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Johnny, one of the hackmen outside, put the whole thing in a nutshell one night when they were talking about a certain hangout and Johnny said, “Nobody goes there anymore. It’s too crowded.”
In spite of the long title, John McNulty’s “Some Nights When Nothing Happens Are The Best Nights In This Place” is a short story that is short at about 5 pages. The title gives the basic premise as the narrator discusses the boss of a Third Street saloon and his desire to not have a bar that’s so crowded. While the boss understands the relationship between customers and money, he prefers to get to know people on an individual basis. Something difficult to do with a lot of people.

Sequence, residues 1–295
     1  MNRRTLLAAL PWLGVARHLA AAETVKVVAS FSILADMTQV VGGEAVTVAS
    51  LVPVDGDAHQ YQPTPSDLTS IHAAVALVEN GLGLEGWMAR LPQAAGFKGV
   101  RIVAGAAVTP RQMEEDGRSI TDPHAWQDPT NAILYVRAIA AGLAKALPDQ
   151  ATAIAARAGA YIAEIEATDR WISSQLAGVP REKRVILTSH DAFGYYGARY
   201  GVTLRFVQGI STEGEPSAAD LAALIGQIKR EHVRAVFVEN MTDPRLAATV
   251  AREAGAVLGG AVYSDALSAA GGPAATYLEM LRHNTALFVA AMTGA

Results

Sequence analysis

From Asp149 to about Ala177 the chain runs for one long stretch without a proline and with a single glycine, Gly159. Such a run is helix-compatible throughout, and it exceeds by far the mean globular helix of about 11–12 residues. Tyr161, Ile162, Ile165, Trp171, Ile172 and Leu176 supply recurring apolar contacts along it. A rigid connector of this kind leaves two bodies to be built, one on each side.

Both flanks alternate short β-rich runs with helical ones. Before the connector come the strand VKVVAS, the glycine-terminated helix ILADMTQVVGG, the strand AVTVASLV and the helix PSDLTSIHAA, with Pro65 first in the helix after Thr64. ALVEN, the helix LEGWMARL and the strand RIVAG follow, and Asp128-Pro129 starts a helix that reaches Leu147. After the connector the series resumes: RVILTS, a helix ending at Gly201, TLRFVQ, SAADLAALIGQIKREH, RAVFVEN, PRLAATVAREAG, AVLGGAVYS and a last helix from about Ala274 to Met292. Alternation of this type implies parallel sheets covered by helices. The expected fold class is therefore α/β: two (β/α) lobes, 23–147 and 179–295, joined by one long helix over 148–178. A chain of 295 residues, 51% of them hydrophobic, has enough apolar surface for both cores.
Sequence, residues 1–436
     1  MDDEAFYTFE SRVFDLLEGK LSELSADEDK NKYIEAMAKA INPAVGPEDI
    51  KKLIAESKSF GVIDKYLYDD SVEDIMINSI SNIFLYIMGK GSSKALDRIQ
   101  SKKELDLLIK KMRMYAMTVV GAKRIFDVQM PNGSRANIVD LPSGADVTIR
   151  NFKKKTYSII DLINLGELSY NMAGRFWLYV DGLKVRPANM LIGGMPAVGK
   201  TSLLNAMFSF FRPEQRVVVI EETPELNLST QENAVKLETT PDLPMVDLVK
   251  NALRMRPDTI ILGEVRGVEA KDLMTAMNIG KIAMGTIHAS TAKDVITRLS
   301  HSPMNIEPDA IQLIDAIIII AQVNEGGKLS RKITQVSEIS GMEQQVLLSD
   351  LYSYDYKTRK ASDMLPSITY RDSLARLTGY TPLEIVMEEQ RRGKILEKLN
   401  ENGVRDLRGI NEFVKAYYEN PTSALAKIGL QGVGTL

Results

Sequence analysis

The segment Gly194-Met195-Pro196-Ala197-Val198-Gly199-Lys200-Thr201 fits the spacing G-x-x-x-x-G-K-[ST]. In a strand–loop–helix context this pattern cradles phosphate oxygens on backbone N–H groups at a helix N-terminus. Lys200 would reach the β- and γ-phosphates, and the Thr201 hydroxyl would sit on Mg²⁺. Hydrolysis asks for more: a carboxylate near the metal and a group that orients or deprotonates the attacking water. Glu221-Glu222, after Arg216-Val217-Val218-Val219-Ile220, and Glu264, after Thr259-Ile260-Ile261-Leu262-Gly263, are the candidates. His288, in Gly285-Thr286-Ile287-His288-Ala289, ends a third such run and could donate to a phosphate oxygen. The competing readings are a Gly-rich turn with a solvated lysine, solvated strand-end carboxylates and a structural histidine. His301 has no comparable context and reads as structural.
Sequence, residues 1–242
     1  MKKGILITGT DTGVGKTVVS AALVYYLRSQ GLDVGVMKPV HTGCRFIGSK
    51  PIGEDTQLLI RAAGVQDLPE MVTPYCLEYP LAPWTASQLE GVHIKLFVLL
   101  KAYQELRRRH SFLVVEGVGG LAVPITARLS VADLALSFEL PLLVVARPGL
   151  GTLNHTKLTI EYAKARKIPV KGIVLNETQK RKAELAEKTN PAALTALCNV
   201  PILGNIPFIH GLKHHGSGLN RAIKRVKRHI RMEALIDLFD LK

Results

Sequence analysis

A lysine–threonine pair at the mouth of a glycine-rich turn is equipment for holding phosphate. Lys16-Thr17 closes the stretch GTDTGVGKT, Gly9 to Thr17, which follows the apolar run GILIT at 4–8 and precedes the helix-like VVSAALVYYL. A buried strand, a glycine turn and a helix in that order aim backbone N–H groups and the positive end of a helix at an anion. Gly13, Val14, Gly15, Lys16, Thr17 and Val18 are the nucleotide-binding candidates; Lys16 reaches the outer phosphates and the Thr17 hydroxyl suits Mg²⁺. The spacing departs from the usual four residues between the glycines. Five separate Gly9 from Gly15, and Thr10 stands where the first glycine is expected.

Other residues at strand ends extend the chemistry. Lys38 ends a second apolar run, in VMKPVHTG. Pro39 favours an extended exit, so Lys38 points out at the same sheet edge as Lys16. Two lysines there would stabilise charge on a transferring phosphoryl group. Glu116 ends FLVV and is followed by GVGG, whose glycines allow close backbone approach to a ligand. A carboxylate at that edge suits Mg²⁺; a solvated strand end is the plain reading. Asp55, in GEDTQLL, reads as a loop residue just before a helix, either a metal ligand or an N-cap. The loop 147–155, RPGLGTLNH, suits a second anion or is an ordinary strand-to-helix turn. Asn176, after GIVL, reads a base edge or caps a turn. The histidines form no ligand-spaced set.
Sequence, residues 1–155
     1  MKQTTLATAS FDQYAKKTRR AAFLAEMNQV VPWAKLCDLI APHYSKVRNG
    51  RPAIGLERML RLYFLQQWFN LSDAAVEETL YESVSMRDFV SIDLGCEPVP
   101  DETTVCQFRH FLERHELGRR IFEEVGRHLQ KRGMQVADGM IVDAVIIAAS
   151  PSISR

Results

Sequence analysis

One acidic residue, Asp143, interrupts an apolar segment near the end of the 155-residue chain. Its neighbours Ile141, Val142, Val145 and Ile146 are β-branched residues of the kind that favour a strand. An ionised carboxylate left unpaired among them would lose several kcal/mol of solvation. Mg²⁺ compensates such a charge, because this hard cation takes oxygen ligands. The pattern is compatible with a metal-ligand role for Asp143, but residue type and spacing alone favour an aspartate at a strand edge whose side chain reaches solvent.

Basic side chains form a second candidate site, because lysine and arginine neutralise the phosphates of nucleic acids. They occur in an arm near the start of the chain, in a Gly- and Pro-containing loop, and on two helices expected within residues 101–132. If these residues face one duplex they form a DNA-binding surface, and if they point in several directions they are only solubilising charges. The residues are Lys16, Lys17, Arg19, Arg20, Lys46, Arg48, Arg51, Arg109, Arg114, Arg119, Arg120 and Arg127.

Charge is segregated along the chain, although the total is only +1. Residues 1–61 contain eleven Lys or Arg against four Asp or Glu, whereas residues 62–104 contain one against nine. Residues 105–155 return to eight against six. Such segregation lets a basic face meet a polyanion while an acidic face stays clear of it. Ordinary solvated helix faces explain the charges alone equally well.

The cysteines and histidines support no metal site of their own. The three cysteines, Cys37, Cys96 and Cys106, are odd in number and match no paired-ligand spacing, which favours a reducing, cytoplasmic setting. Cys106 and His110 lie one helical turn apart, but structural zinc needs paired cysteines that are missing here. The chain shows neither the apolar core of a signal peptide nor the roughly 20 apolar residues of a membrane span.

The story could be considered a study in character as the narrator talks of a few people who the boss likes having at his establishment; however, I would call it more of a study in conversation and dialect. Similar to William Heuman’s story “Brooklyns Lose”, it has that New York City rhythm of speech. It’s what I would call the story’s selling point.
All in all, it’s a nice little story. Probably not a favorite like “Brooklyns Lose” but still nice.
I read this story when I selected the Queen of Hearts for Week 30 of my Deal Me In 2017 short story project. It’s included in my copy of Wonderful Town: New York Stories from The New Yorker edited by David Remnick. My Deal Me In list can be found here. Deal Me In is hosted by Jay at Bibliophilopolis.